Singapore Government Keeps Data Security Incidents in CheckGovernment Goes 3 Straight Years Without Experiencing a High-Severity Incident
The number of data security incidents affecting Singapore's government sector remained stable in the 12-month period ending March 2023, and the number of medium-severity incidents marginally declined. Government officials said investments in security technology and culture are starting to pay off.
The Singapore government's Smart Nation and Digital Government Office today published data security incident statistics for the financial year 2022, reporting a slight rise in the number of incidents affecting government departments, from 178 in 2022 to 182 over the same period in 2023.
SNDGO said the government has not suffered a single high-severity data security incident since 2020, and the number of medium-severity incidents declined from 52 in 2022 to 46 this fiscal year. The agency said "the acceleration of data-sharing amongst government agencies" is among the reasons for the overall increase in incidents.
The Singaporean government is in the process of fully implementing 24 cybersecurity-enhancing actions recommended by the Public Sector Data Security Review Committee three years ago.
As of March 31, the government has implemented 22 of the security recommendations, including enhancing a third-party management framework to ensure outside partners handle government data appropriately, establishing a central contact point in the Government Data Office to enable the public to report government data incidents, instituting organizational key performance indicators for data security and appointing the Digital Government Executive Committee to oversee public sector data security.
In 2022, the government completed the deployment of a data loss prevention tool across all government laptops and enhanced data logging and monitoring capabilities to prevent the accidental loss or unauthorized disclosure of government data to third parties.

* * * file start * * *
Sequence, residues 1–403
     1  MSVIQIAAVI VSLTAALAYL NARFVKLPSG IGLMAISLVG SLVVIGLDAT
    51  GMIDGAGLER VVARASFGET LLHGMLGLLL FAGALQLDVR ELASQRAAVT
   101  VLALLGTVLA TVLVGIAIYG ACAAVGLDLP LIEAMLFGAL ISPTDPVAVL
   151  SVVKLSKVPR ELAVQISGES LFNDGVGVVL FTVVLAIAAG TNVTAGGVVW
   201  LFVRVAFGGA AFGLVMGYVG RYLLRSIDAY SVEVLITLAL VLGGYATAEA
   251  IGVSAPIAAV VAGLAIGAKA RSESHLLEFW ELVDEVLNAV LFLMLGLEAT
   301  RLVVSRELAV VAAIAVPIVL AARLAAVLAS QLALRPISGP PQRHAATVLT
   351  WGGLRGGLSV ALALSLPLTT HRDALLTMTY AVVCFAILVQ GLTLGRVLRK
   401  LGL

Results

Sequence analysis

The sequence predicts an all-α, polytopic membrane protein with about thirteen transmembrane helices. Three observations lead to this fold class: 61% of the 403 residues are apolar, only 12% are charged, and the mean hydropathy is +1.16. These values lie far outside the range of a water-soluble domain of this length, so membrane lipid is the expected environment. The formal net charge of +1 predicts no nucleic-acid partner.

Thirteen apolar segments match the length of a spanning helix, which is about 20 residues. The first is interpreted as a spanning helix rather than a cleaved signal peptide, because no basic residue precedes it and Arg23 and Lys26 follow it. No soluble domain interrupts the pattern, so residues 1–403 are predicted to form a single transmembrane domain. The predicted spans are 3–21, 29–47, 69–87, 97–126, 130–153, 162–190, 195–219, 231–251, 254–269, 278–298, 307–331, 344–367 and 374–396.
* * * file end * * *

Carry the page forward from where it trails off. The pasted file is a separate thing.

"Enhancing public officers' instincts and instilling a culture of excellence in using data securely is an ongoing effort," SNDGO said, adding that the government continues to conduct engagement campaigns and workshops on data protection for public officers and recently refreshed the annual mandatory data security e-learning module "to emphasize the importance of personal data and data loss protection and classification of Whole-of-Government data."
The government also rolled out a Central Privacy Toolkit in March, helping officials in 80 government agencies apply privacy-enhancing techniques to data sets and share them securely without running the risk of data exposure.
Lauro Burkart, vice president for cybersecurity services, APJ, at Sygnia, said the Singaporean government effectively maintained stable incident counts in key sectors over the past year and demonstrated commendable resilience in the financial and public sectors, but it is still too early to celebrate.
"We see a rapidly evolving threat landscape where both nation-states, as well as organized crime groups, are targeting organizations and critical infrastructure in the region as well as Singapore," he warned.
According to Burkart, the government should now prioritize the security of operational technology environments and promote risk assessments and threat intelligence-sharing across industries. "The industrial, manufacturing and transportation sectors face an escalating threat landscape. Prioritizing OT system resilience and collaborative initiatives, in particular public-private sector collaboration, will safeguard critical infrastructure," he said.
Burkart added that the government should collaborate with industry stakeholders to evolve and update cybersecurity regulations, such as the CCOP v2. This would protect against emerging threats and foster proactive compliance, he said.